What does the SGA executive treasurer do?

The+Student+Government+Association+in+a+joint+session+meeting+in+February+2020.+

Media: Yongze Wang

The Student Government Association in a joint session meeting in February 2020.

By Chris Van Buskirk

The Student Government Association is the cornerstone of organizational structure for student groups at the college—they decide the policies and funding for most organizations on campus.

With the recent revelation that SGA Executive Treasurer Abigail Semple was found to potentially violate at least two articles of the SGA constitution, students should consider the importance of the role from an informed perspective. The two grounds include Semple’s failure to meet the appropriate qualifications to serve as the executive treasurer and botched SGA election practices that put into question the legitimacy of her spring 2019 win.

For the 2019-2020 academic year, Semple won the position during the highly contentious, non-conventional spring election of 2019—a contest which saw the two top vote-getters dropout before votes were cast.

At its core, SGA works similar to the United States government, albeit much smaller and with less responsibility. The politicians that make up SGA aren’t in charge of students’ healthcare, however, they do work for the students and are subjected to the same principles that guide their federal counterparts. A government by the people, for the people, of the people.

With five branches, SGA’s main source of fiduciary power stems from the Financial Advisory Board headed up by the executive treasurer.

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As the financial czar of SGA, the executive treasurer takes on most the responsibility for managing the $1.2 million in funding the student government received for the 2019-2020 academic year. The funds are gathered via the student activities fee—an $872 yearly fee each student pays as part of tuition that is then allocated to student services, health services, and SGA.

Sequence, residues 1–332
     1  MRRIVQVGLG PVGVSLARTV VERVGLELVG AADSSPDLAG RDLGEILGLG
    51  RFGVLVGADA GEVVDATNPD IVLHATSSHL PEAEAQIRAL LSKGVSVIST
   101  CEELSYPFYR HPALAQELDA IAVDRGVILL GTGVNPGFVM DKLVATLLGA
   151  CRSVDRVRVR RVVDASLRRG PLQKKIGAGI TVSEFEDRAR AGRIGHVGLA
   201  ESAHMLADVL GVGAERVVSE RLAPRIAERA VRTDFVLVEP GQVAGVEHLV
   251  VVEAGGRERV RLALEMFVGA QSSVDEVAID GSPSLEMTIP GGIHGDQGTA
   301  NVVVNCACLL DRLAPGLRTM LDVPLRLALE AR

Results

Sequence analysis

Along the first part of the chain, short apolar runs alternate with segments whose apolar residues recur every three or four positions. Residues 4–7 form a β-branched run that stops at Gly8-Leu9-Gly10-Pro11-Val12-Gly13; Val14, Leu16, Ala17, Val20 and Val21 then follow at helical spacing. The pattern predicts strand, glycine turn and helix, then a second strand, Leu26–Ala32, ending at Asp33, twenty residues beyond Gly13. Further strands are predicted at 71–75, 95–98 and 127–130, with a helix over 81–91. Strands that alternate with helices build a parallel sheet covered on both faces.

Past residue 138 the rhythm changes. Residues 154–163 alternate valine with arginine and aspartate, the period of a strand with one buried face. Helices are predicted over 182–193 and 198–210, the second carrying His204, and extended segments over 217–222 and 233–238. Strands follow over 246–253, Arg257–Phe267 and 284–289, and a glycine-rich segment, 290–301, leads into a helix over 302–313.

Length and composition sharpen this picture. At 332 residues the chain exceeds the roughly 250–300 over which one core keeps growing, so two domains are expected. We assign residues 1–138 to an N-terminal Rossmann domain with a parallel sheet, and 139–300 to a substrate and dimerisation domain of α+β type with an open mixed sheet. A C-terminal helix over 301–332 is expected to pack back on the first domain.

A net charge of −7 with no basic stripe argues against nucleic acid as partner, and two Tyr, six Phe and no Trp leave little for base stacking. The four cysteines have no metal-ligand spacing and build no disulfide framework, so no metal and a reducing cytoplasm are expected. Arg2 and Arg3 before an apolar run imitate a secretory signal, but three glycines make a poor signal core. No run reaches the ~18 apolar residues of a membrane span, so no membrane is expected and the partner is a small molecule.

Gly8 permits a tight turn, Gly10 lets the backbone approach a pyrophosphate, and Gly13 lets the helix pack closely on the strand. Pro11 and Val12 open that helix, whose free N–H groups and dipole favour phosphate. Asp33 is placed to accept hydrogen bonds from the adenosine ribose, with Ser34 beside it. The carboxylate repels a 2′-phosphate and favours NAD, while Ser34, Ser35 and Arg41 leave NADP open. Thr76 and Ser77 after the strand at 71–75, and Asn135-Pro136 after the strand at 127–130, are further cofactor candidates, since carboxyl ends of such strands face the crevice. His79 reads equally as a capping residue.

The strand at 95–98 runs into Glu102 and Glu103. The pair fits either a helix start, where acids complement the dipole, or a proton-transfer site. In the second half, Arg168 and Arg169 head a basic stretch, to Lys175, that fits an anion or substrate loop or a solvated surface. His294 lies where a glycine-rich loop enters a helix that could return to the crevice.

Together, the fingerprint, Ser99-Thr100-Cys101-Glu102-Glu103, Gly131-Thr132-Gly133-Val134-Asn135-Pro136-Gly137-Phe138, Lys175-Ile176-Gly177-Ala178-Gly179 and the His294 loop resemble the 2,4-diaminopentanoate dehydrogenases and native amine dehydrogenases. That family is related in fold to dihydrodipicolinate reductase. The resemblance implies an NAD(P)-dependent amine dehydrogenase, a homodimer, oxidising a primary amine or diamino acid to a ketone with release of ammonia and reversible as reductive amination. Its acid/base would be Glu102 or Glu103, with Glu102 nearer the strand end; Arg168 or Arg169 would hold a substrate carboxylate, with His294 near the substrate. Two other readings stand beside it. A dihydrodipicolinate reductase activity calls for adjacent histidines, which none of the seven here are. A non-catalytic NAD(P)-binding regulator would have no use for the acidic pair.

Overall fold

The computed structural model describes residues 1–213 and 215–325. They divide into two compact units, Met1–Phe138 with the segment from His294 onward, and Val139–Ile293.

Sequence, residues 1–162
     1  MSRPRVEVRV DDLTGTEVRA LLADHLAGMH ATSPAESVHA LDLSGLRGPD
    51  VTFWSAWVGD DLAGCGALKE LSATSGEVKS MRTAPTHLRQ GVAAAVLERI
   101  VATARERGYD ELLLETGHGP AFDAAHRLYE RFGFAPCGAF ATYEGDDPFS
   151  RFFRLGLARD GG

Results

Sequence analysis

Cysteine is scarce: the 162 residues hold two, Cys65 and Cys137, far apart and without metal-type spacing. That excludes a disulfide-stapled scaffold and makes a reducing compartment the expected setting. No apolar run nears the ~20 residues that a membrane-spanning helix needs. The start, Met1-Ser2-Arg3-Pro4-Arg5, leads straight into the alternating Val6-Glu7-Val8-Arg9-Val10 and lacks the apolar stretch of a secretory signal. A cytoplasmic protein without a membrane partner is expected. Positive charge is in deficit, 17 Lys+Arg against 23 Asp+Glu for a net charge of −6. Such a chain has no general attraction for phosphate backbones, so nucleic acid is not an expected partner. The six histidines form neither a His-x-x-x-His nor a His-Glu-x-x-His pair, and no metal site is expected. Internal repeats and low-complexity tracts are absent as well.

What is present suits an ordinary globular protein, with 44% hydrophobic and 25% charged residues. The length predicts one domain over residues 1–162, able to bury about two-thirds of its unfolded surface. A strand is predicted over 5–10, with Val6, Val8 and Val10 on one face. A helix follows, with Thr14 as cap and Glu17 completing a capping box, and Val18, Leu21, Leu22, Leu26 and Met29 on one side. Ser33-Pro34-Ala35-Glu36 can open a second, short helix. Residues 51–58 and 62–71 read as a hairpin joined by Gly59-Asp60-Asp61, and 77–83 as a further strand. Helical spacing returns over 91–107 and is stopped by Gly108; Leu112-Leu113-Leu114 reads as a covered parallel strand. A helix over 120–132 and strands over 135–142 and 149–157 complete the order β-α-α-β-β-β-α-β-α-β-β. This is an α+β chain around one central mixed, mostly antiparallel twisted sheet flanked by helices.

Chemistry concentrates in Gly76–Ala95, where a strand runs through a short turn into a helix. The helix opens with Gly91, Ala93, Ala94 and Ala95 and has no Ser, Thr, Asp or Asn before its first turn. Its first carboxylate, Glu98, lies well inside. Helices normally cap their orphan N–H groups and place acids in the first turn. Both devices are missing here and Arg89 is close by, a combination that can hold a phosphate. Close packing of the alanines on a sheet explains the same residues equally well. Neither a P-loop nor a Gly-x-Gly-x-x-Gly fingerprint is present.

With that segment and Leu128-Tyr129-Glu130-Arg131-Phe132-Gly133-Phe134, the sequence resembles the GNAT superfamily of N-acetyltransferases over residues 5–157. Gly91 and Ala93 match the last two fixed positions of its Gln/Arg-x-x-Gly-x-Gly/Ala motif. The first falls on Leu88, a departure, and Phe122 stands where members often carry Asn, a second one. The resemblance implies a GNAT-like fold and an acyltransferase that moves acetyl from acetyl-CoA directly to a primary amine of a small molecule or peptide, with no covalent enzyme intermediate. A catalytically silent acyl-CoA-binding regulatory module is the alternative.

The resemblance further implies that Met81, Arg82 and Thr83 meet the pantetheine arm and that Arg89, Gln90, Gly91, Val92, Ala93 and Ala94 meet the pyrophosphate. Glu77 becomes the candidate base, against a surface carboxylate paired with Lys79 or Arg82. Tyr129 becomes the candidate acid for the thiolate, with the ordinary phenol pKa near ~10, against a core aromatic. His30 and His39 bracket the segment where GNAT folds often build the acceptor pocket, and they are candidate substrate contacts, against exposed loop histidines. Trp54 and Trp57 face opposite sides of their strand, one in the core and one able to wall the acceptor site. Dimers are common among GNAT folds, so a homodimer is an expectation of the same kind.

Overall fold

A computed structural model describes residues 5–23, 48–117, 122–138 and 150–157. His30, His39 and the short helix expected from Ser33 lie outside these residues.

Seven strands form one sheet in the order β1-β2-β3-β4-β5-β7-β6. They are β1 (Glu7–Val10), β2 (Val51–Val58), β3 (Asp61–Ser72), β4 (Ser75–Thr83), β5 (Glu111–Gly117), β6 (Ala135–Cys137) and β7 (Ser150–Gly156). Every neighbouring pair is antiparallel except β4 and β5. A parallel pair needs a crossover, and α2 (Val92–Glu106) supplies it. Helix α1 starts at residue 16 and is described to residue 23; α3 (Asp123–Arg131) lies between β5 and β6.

Previous executive treasurers have noted the large workload the position often entails and it’s specific focus student organizations. From the large amount of paperwork and meetings to balancing their duties with financial activism, former treasurer Ian Mandt told The Beacon in spring 2019 that it took him two years to effectively manage the tasks.

“I would like to see candidates focus on their qualifications on that front, first and foremost,” he said in regards to the primary focus of the position.

The executive treasurer facilitates the appeals process and annual budget review process—two major processes that most organizations must go through.

ABR, as its colloquially known among insiders, is the process by which student organizations apply for a yearly spending stipend. Emerson Independent Video might apply for a certain amount to fund their productions whereas one of the many magazines might use their money for printing a product.

Appeals, on the other hand, hark back to kids asking their parents for extra money to spend on movies for the weekend. Student organizations can fill out a form for extra cash that was not budgeted in their yearly request. SGA then draws upon a pool of $225,000—the specific number for the 2019-2020 academic year—to grant to groups. An organization can only have one appeal approved a semester.

For appeals under $5,000, the Financial Advisory Board can approve or deny without pushing it to joint session—the larger voting body in SGA that deals with most legislative matters. The executive treasurer only votes in the case of the tie but does have significant sway in the process.

The treasurer position, in its totality, encompasses a large portion of financial responsibility for student organizations. From moving along reimbursement funds to proposing new legislation, fulfilling payment requests, and balancing budget sheets, the position affects many daily routines among students.